Jack White goes solo, tries some new sounds

 

Those of us who were fans of the lo-fi, DIY Jack White of a decade ago need to come to terms with the fact that he’s gone, and he’s not coming back.

Following The Raconteurs and Dead Weather, plenty of production credits and founding his own label, White’s solo album is one more step in his leaving behind the White Stripes.

White is now streaming his debut solo album, “Blunderbuss,” on iTunes and will release it officially Tuesday.

blunderbuss Album cover | provided photo

While not a return to form, inasmuch as it largely doesn’t sound anything like the White Stripes, the album is probably the best thing White has done since 2005’s “Get Behind Me Satan.”

What may surprise fans of White’s distinct, screaming guitar style is how little of it can be found on the 13 tracks.  And when the guitar does come in, it’s often in late-White weird-riffing mode, a la “Icky Thump.”

Keyboards, if anything, take center stage on the album. They’re nothing new to White’s music, but here they are much more prominent than before.

This is apparent from opening cut “Missing Pieces,” which features an organ solo that’s cheesy in a good kind of way.

The organ turns up several times throughout the album, including single “Sixteen Saltines,” which, with its loud, simple riff is probably the most White Stripes-y song on the album.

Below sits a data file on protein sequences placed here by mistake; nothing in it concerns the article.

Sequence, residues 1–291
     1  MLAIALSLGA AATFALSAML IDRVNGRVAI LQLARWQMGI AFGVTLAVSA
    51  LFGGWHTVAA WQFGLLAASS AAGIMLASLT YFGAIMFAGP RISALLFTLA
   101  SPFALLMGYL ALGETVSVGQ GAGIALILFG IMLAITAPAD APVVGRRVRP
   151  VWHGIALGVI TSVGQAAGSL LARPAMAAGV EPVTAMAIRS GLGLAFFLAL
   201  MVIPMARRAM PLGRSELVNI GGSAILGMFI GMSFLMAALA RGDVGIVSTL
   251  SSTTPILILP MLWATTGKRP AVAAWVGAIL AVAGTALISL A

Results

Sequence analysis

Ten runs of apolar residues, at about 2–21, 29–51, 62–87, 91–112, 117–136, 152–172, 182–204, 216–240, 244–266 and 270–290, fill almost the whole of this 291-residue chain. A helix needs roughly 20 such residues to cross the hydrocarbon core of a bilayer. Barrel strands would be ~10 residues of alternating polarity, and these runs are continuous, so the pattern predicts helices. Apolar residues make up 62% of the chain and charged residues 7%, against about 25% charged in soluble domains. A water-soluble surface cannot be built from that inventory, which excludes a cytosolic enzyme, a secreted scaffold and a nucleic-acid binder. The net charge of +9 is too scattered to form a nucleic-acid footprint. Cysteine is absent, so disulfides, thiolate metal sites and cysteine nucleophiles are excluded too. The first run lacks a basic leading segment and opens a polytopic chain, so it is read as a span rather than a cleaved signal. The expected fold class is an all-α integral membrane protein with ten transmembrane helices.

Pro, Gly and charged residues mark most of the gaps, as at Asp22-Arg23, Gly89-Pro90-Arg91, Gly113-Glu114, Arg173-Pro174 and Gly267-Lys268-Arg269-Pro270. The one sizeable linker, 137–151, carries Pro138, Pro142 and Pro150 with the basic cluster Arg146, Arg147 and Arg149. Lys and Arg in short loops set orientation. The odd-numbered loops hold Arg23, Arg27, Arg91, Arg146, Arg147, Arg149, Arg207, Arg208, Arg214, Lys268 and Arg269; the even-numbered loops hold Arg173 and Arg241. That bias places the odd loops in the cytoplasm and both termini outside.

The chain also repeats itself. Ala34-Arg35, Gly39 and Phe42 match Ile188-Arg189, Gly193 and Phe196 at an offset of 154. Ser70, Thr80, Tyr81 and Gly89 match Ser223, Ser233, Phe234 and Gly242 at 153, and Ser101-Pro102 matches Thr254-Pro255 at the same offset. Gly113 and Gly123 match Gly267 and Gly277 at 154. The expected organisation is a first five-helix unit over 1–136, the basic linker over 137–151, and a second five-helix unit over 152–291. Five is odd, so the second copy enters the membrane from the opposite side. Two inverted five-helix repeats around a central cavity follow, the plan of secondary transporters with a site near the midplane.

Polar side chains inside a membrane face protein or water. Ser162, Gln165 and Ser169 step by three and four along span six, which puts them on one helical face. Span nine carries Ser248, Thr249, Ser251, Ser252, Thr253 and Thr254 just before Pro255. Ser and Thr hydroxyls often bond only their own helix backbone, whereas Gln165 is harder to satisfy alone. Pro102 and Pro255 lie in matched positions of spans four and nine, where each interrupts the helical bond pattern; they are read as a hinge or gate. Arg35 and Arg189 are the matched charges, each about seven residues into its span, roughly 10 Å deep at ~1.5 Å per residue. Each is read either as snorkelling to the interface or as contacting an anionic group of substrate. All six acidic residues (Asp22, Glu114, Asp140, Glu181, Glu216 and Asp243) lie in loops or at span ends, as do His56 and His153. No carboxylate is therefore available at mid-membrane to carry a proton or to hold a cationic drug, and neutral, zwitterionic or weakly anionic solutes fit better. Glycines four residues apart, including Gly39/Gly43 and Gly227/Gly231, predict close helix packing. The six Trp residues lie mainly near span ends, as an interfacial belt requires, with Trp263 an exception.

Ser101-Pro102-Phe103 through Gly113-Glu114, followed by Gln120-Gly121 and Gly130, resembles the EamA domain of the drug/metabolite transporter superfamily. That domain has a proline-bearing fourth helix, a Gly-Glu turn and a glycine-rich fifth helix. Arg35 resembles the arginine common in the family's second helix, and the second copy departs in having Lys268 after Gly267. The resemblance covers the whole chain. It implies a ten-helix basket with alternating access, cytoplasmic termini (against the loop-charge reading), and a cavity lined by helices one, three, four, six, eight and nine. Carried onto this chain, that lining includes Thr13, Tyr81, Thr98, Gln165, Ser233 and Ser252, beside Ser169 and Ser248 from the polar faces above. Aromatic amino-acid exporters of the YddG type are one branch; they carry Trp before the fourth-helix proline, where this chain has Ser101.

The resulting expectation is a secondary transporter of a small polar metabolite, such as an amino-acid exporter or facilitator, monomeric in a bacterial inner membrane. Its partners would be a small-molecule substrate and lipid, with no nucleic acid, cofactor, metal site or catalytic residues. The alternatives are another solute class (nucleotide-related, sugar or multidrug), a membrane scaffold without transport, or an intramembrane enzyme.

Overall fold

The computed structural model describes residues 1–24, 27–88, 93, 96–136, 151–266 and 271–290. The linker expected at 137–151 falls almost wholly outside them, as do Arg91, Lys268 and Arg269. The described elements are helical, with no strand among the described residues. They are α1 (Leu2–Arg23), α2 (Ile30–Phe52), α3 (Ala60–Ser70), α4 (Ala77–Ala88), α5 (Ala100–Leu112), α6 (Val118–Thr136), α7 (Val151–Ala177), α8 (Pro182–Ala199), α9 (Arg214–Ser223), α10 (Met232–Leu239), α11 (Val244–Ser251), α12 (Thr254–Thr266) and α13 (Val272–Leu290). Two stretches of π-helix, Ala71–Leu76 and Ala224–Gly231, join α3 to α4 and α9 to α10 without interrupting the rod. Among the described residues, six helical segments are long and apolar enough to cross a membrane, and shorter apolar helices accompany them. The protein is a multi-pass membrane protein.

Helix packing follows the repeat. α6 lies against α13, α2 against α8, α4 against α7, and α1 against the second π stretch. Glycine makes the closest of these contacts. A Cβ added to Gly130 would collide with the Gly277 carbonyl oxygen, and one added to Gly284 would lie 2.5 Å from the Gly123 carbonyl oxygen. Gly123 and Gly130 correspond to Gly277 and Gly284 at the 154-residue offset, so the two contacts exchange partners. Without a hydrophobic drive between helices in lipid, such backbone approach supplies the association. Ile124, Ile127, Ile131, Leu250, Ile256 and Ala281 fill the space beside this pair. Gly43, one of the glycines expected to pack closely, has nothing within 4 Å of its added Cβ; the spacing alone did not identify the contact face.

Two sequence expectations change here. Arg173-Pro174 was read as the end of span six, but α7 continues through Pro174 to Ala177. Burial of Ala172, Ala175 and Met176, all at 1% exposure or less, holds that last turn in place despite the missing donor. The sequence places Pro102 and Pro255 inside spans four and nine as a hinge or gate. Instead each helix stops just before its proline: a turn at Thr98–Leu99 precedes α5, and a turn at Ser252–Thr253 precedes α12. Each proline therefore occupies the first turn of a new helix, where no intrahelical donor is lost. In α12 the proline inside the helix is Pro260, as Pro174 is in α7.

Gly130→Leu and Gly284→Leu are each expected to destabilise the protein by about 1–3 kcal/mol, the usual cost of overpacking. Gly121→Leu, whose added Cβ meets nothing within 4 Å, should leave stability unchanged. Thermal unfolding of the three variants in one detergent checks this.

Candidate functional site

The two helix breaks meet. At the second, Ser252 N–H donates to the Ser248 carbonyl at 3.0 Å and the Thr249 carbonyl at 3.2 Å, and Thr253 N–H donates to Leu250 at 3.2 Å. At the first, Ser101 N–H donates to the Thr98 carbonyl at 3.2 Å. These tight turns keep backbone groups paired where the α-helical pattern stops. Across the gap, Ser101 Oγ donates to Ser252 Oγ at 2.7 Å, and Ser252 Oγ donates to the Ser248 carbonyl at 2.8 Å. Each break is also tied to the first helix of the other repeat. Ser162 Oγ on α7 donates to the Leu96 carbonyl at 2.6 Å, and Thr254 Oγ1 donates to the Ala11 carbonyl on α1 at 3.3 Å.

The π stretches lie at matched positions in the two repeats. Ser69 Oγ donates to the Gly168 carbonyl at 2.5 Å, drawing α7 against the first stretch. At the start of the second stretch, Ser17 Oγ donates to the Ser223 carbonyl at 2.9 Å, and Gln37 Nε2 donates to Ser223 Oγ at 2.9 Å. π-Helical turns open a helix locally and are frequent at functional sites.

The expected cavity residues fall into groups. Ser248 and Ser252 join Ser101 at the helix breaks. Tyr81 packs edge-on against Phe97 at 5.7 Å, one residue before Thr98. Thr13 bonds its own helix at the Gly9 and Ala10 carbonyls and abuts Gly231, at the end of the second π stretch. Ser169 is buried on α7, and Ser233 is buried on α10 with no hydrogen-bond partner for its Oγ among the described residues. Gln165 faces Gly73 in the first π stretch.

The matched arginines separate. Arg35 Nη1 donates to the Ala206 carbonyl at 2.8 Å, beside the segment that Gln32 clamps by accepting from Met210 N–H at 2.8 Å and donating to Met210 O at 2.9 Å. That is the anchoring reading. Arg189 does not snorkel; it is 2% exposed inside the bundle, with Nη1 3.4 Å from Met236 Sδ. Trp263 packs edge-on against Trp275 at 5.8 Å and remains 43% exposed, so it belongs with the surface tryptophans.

With a strange, layered drum track on “Freedom at 21,” though, White moves about as far away from the White Stripes as he ever has. It’s about as un-Meg a beat as it gets.

One second, “I’m Shakin’” sounds like it’s going to be White’s take on T-Rex neo-rockabilly, but things take a turn when some gospel-y backup singers come in.

A highlight of the album is “Weep Themselves to Sleep,” which opens with some big, Who-esque guitar strumming before the piano takes over. That squeaky guitar tone finally makes another appearance though, in a stuttery stop-and-go solo.

While there’s certainly not a “Hotel Yorba” or a “Seven Nation Army” to be found, the album should renew faith in White for those who found his work of the last five years or so a little lacking.

As much as he apparently likes collaborating, maybe White is best on his own. Well, so long as Meg’s out of the picture, that is.

 


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